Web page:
A few weeks back while at work there was a family that came in with their kitten. Having young children of my own (and because I love kids), I always try to engage children in conversation as I am setting up for an appointment. (For those that don't know I am a Veterinary Technician) My best guess was that the kids were around four and six. Since it was just before Thanksgiving I thought this would be a perfect time to bring up Santa! Most kids can't wait to rattle off the list they have created and are anxious to babble on about all the things they will ask for.
Let me preface this next paragraph by saying I do know that not everyone celebrates Christmas. I am aware that people do practice other religions and have their own traditions which do not include Santa. I decided to go out on a limb with it anyway and asked: "Are you getting your lists ready for Santa"? Both children took a moment before answering with a "No". I knew right then with how the room suddenly felt that I should have kept my big mouth shut and stuck to topics on furry animals rather than the man in the red suit. It was their mother who filled in the silence with: "We don't celebrate Christmas. It is too commercialized." Let's just say she had the last word on that conversation as I quickly jumped to how cute their kitten was and other ramblings that did not have a thing to do with Christmas.
Just like that Santa was thrown under the bus. Not because of religion, not because it was not their culture, yet because society has turned Christmas into dollar signs and presents. Yes, this mother is indeed right about that. I do not argue the fact that our culture has turned Christmas into a money making event. This does not mean we can't still celebrate Christmas and the mystery of Santa because of it. I believe it is our responsibility to teach our children what the holidays are really about. Let's face it friends, there are many things in society that will teach our children things we do not want them to know. Society will hand our children ideas that we cannot keep them from. Unless you have a bubble and a blindfold for your children you are not going to hide them away from what society has to say.
I have fallen in love with the holidays once again now that I have children of my own. Living their excitement through their eyes has been nothing short of amazing. I was brought up with Santa and I will be damned if I don't let my children experience him just as I did. As much as we talk about Santa, the elves (yes, I did falter to the evilness of those scary looking dolls. Ours are named Percy and Sheldon) and Rudolph we also talk about what the holidays mean. It is my job as a parent to teach my children that the days ahead are more than just gifts. It is my responsibility to talk about giving and sharing with others, doing kind deeds, donating and offering to help one another.
Here is what we can do during the holidays to teach our children what the holidays are truly about:
* Have your child divide up their toys. Make three piles: a pile to keep, a pile to throw away, and a pile to donate. I recently did this with my almost five year old and when given the responsibility he made some great choices. We got rid of toys that were broken and things that he didn't play with much he wanted to donate. We got a bag together and he brought it in to Goodwill. He was happy to donate his toys as we talk often about being thankful for the things we have that others don't.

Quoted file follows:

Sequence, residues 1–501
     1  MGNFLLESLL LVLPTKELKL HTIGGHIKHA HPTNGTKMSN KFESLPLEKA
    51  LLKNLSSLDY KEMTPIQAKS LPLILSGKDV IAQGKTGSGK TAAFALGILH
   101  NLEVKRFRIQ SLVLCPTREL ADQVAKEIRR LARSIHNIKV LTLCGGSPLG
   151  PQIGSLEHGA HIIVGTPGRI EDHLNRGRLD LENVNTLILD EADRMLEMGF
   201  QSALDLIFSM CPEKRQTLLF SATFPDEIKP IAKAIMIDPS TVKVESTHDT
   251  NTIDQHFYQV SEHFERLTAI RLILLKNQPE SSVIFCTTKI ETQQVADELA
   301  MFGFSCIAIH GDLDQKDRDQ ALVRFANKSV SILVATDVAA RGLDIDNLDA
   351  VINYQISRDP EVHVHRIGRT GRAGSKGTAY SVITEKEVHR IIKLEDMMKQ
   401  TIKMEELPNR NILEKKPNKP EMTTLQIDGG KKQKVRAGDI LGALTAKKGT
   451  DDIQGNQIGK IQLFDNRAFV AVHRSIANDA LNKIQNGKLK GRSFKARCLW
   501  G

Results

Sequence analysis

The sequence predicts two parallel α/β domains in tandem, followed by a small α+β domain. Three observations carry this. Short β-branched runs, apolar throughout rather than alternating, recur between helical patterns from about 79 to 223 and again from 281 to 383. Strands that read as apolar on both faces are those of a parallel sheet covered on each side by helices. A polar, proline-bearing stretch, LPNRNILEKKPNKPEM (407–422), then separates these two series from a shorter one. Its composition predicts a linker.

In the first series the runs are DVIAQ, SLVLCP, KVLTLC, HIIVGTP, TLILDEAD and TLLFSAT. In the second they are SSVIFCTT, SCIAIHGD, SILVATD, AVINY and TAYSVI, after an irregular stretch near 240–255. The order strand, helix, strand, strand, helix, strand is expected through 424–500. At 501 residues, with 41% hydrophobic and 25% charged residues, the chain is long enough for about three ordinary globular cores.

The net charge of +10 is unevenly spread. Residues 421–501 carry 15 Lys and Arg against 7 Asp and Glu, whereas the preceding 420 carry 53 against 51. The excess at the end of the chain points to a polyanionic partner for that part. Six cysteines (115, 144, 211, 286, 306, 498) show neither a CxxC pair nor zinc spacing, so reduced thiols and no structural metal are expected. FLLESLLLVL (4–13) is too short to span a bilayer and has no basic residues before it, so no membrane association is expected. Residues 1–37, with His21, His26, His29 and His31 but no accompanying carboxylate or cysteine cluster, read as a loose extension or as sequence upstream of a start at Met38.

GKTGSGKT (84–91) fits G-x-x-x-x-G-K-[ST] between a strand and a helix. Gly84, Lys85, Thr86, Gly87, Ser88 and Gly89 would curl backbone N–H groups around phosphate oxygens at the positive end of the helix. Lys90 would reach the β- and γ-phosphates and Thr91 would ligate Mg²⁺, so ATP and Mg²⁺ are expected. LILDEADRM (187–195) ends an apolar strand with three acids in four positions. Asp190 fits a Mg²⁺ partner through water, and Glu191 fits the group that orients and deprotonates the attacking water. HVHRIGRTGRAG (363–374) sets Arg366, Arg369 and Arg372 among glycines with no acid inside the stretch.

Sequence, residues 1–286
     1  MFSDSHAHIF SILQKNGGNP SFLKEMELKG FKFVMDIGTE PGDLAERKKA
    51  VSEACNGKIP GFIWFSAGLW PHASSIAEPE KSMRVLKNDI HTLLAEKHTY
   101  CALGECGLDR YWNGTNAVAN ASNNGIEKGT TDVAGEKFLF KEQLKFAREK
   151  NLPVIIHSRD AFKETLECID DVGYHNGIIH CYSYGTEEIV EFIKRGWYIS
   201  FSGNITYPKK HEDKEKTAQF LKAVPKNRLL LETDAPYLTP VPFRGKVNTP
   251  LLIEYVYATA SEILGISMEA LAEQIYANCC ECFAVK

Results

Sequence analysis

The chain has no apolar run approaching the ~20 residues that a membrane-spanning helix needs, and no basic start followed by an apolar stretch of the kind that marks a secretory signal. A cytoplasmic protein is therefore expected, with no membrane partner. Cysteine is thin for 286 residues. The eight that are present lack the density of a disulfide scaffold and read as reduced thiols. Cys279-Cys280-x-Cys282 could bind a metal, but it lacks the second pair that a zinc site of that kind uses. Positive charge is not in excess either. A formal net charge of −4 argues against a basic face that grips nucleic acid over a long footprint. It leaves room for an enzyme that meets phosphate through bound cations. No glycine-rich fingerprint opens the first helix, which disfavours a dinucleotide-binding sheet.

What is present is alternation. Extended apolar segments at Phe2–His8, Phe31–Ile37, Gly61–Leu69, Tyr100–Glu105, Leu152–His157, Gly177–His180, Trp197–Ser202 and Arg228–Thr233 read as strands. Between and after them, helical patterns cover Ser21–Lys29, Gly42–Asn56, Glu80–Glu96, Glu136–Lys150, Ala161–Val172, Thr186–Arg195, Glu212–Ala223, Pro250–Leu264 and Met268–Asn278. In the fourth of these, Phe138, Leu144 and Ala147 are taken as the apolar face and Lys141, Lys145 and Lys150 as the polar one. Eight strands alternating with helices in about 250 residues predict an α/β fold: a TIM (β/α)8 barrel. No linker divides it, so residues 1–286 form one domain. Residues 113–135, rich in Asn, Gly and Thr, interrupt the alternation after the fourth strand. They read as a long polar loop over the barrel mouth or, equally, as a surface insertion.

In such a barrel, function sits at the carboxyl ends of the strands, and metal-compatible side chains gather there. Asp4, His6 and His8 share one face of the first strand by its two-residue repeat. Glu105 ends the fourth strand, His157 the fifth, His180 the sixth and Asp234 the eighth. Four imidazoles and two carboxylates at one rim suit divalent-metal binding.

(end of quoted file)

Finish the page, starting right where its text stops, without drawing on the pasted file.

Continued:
* Donate food to a local shelter. This time of year there are several places that are in need of food, bedding, and even pet food. Check within your community and local family centers and see what they need. Have your children participate in gathering a bag of donations. This is something we have done the past couple years and my son loves to help put things in a bag. You don't always have to go buy things either. Take inventory of your own shelves and pantry, if there are doubles of anything put those things aside. Maybe you go grocery shopping and pick up an extra container of oatmeal, bag of pasta or can of beans. Every little bit counts!
* Talk to your children! Have conversations around what the holidays mean. Tell them how lucky they are. Explain that even though we exchange gifts and Santa comes that Christmas is much more than that. Teaching the value of family, love and compassion comes from home.
* Make homemade gifts with them. There is nothing more my son likes to do than to do a project of some sort and give away the end result away. He is always giving my husband and I something he made or insisting he draw something for his grandparents. He does this with such pride and excitement. Get art supplies, glitter, glue, and paint. The internet is full of wonderful craft ideas for homemade holiday gifts. Get crafty, be creative, and let them have fun. It will mean so much more to them if they make it!
These are just a few ideas and things I try to practice within my own home. I am not judging you if you choose not to celebrate Christmas or Santa because it is a spiritual decision. Yet before you try to destroy the magic of Santa just remember that Christmas is whatever we want it to be for our children. Don't throw Santa under the bus because of what society has made him! Let's teach our children about gratitude, love, and sharing during the holidays. Let's show them what the Christmas spirit truly is. Let's let Santa be a part of the holidays; leave the big guy alone!
Come visit me over on Facebook, Twitter, & Instagram. I look forward to connecting with you!